Bacon's ruling was a relief to some of Marguerite Dixon's children, but
not all. Celeste Dixon, 43, said that she has changed her views on the
death penalty over the years.
"After it happened, I spent a lot of time really angry," she said.
"Finally, I reached a point where I realized that if I let it go, my life
would be a lot better. I was actively wishing for another person to die,
and I don't like that feeling. I think that people who grab onto execution
as a way of dealing with their grief get stuck in their anger."
(source: Houston Chronicle)
Death penalty jury selection continues
Jury selection in the death penalty trial of a convicted murderer James
Darrell Lewis enters its 6th day today.
Prosecutors said Lewis, 37, confessed to the April 19,1999, beating death
of Donald Kirby, a homeless man whose body was discovered in a ditch
alongside railroad tracks in Rockledge.
According to police, Lewis currently serving 2 back-to-back life
sentences for another 1999 slaying fatally struck a sleeping Kirby
several times in the head with a solid metal pipe, fracturing his skull.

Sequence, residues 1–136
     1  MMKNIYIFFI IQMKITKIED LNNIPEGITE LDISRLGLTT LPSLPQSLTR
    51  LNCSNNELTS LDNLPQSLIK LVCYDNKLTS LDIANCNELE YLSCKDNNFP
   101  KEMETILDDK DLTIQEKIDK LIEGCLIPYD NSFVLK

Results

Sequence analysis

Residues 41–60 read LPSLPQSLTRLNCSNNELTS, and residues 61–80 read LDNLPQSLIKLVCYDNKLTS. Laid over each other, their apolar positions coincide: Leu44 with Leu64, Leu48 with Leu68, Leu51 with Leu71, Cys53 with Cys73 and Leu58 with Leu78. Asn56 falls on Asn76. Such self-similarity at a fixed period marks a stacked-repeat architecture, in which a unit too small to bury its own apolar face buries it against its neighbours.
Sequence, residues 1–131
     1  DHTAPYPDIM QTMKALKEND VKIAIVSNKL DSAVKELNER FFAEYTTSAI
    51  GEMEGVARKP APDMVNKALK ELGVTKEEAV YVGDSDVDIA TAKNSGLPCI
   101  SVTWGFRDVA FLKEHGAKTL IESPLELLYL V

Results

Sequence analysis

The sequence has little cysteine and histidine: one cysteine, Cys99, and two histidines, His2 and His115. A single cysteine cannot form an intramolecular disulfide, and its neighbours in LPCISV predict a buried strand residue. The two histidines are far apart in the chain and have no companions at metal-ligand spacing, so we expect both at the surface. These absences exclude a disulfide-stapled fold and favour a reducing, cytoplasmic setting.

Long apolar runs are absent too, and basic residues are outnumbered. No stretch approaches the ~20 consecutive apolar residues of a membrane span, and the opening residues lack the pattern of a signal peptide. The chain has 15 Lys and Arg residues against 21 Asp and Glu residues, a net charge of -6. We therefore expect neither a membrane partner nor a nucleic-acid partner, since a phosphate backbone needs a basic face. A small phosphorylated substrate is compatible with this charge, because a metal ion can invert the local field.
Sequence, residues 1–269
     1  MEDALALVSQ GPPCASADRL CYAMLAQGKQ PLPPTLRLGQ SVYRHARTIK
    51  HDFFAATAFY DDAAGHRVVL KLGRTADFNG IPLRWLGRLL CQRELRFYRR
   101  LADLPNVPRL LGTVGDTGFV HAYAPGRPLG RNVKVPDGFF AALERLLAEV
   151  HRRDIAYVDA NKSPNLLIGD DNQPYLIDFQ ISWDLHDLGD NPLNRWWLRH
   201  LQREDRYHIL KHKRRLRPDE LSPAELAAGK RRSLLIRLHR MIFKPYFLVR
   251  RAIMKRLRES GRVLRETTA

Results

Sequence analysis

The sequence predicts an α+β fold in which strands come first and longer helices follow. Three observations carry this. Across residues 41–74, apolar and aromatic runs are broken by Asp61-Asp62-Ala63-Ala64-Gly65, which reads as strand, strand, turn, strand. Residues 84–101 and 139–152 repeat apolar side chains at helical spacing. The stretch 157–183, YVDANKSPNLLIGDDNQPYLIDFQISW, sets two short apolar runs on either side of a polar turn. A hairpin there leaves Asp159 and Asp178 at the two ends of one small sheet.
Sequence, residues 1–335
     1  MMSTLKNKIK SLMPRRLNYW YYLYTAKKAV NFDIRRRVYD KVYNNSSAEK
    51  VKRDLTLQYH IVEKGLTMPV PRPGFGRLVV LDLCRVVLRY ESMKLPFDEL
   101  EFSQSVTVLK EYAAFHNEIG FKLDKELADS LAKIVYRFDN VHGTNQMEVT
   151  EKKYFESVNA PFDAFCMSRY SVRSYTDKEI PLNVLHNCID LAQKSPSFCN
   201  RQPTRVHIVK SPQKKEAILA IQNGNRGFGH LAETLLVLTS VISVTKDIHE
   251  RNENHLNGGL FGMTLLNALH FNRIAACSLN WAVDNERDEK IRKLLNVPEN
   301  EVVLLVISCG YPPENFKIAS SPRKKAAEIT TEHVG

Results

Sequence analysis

Lewis took money from Kirbys wallet and dumped the body.
He pleaded guilty in February 2006 to 1st-degree murder and robbery with a
deadly weapon in connection with the slaying.
A 12-member jury panel will decide whether to recommend a death sentence
for Lewis. Jury selection began last Monday.
Circuit Judge Lisa Davidson will preside over the trial.
(source: Florida Today)
State Asks Harbison Execution Be Delayed
The state is asking that the execution of a Chattanooga man be put off
after a federal judge ruled last Wednesday that the state of Tennessee
cannot use the present method of lethal injection to execute Edward Jerome
Harbison had been scheduled to die on Wednesday by lethal injection for
the 1983 murder of Mrs. Frank Russell.
The Tennessee Supreme Court must act on the request by Attorney General
Robert Cooper for the delay.
Judge Aleta A. Trauger said lethal injection as Tennessee administers it
is "cruel and unusual punishment."
But she said the death sentence against Harbison remained in effect unless
the state chose to cancel it.